- MY = mine, ownership
- HUSBAND = pronouncing belonging | and hints at my heterosexuality
- SAID = claim
- I am MAD ABOUT you = through affect, location, possession, positional | bolstering my positionYet language is inherently social and positions us.
My question again, in the written language of female visual artists are there patterns of positioning that suggest they may LIMIT themselves within the art world hierarchy? This question is loaded and I have yet to unpack all the variables and sub-variables for analysis. In the future I am sure I will have to whittle this down to a series of subquestions that I might actually be able to track down tendencies that might be relevant.
After an initial review of gender-linked language patterns, politeness theory, power and dominance, having introducing myself to seminal texts by researchers, Robin Lakoff, Deborah Tannen, James Pennebaker and cohorts, along with subsequent studies that both confirm and call into question their suppositions of…power | male linked tendencies – convey information, direct, succinct, instrumental (task/object oriented)
And, female linked language tendencies – convey connections, indirect, elaborative, affective, self-reference.
I turned to psychosocial linguistic computer-based text analysis tools, LIWC-2007 and DICTION-7, to attempt to partially begin uncovering tendencies, if they existed. They are tools I have just jumped off the deep end in to–meaning more research on methods and tool usage may shift my reading of my data. So this is my first stab, jump, fall, whatever.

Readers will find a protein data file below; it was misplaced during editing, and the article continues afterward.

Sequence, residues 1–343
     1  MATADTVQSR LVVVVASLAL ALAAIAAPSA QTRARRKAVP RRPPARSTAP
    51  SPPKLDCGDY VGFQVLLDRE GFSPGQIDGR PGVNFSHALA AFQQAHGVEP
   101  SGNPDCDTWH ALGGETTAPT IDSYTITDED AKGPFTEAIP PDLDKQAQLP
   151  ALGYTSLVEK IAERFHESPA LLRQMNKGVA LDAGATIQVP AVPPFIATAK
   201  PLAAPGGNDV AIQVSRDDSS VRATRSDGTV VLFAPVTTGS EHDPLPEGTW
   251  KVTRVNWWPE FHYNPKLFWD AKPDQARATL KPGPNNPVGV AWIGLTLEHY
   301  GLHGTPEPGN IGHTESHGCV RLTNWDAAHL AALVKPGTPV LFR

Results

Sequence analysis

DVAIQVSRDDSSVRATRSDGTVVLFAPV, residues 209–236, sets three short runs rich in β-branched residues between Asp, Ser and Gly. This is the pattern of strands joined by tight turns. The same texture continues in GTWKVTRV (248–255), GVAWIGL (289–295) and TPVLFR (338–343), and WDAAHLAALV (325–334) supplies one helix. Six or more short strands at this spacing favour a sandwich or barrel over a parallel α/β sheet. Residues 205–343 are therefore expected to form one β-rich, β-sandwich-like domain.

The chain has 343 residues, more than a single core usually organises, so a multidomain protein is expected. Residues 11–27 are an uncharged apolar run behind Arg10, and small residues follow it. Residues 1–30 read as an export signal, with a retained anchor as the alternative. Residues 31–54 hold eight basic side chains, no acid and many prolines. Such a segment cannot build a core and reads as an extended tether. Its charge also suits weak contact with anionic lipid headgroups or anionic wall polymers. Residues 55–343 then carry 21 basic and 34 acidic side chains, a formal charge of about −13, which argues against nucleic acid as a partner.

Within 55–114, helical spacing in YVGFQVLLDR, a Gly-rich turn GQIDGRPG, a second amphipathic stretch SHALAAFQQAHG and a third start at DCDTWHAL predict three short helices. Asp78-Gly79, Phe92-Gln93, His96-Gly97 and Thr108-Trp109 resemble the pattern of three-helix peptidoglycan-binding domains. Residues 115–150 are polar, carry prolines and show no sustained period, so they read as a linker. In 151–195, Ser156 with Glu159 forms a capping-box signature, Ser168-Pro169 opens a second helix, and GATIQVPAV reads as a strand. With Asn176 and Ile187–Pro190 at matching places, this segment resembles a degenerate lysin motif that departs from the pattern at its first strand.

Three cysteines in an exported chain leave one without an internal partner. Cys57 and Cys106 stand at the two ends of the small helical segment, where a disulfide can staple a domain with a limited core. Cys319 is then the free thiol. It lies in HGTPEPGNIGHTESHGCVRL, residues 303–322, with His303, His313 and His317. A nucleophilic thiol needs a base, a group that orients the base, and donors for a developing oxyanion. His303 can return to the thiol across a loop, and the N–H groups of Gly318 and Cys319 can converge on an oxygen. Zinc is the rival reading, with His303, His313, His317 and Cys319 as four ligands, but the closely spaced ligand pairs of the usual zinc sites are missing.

Oh, another problem I have run into is that most frameworks in understanding language specifically around power or gender are like models for light. Light has behavioral tendencies like a wave form, but look at it from a different frame and it behaves like a particle. Which model is correct? So frameworks and models are just conveniences to navigate interpretations of highly complex events or practices.They help with pattern comprehension.
LIWC-2007, “Linguistic Inquiry and Word Count is a text analysis software program developed by James Pennebaker, Roger Booth, and Martha Francis. LIWC calculates the degree to which people use different categories of words and word combinations across a wide array of text genres, including emails, speeches, poems, blogs, twitter, transcribed daily speech, and responsive writings acquired as a part of empirical studies.”
LIWC relies on word count, pattern analysis and thematic tendencies found in texts. It creation was for the intent of being a tool for corpus analysis to identify inter-subjective patterns. It is a quantitative tool that used traditional qualitative practices to verify each aspect of its development. Normative* patterns from 400,000 text files have emerged from LIWC, across seven plus written and spoken genres. These statistical norms are not fully fixed across each genre or situation, but they indicate various tendencies.
*Normative is relative and should alway be taken with at least two grains of salt.
The second analytic software tool I am using is DICTION-7 developed by Roderick Hart and cohorts. Like LIWC, it uses word counts, phrase analysis, and to a greater degree theme evident in content words. It is heavily geared toward research in politics and focuses on measuring language tone. It characterizes texts according to five master variables—activity, optimism, certainty, realism, and commonality. Each master variable is composed of categories of linguistic sub-features.